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Simmy    53

So I ordered a Colido Compact 3D printer tonight. A good size for my little office a decent price and acceptable print size. 

 

It arrives Thursday and I'm excited to get it all set up. I am sure I will have difficulties with it at first but I will share my experience and prints here as I go along.

 

 

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TheJimReaper    19

Hi Simmy,

 

Please don't take this the wrong way, but can you cancel the order?  I hope you did lots of research on different printers before purchasing Colido Compact?

 

The Colido was my first printer, I had it for about 4 months and it spent more time getting repaired than I spent using it!!

 

I may have been unlucky and got a dodgy machine, but if I knew then what I know now, then I never would have bought it.

 

I'm using a Creality CR-10 now, it's far more superior and it's only about £50 more (going by the prices on Amazon).  For what the CR-10 has to offer, the extra cash is well worth it.  It's currently taking the 3D printing market by storm and for it's price, it's the best on the market.  

The base machine can print out some amazing quality models, better than the Colido, and there are loads of upgrades that you can print out and buy for it, which make it even better.  You can't upgrade the Colido!!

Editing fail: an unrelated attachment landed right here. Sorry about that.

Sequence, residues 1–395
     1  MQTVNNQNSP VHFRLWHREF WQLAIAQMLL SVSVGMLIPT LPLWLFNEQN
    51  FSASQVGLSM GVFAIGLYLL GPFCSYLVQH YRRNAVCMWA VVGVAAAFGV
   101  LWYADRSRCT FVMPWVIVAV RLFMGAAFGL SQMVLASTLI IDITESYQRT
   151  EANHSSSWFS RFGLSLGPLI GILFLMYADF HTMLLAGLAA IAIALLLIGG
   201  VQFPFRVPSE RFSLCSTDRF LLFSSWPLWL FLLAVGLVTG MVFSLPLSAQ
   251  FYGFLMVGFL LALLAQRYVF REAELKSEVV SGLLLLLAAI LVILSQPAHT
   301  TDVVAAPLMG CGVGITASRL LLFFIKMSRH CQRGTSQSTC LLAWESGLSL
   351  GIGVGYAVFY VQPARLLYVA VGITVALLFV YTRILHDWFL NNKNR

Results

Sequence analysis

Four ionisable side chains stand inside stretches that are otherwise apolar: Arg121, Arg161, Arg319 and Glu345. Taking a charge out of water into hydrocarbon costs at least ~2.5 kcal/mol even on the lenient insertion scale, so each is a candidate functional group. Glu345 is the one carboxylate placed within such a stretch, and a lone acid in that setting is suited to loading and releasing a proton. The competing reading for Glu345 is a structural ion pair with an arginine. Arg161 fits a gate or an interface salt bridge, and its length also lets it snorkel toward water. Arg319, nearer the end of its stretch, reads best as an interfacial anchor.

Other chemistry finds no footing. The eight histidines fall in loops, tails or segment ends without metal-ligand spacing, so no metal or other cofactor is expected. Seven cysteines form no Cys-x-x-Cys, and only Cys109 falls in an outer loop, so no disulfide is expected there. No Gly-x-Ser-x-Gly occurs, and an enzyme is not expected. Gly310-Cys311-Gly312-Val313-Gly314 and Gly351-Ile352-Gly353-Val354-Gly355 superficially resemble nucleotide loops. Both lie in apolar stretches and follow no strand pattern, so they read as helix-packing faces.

Please check it out if you haven't already.

 

If you have any more questions please ask.

 

Cheers

 

Jim

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Simmy    53
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  • That's disappointing to read. It does appear to be too late. It's on route. The minimal info out there on it all seemed fairly positive and the size of it was appealing as no don't have too much room. The CR-10 looks like it may need too much room

     

    What kind of issues did you have with it?

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    TheJimReaper    19

    I thought it would be great when I first read about it and I saw it being demo'd on Create and Craft on the TV.  As my wife is a member of the club they have I got 10% off the price and could pay for it in 4 installments, which we thought was great.

     

    Creality who make the CR-10 make a whole range of printers.  If you want one  of a similar size to the Colido they do one called the Ender-2 mini, which is 150 x 150 x 200mm for £229 (on Amazon)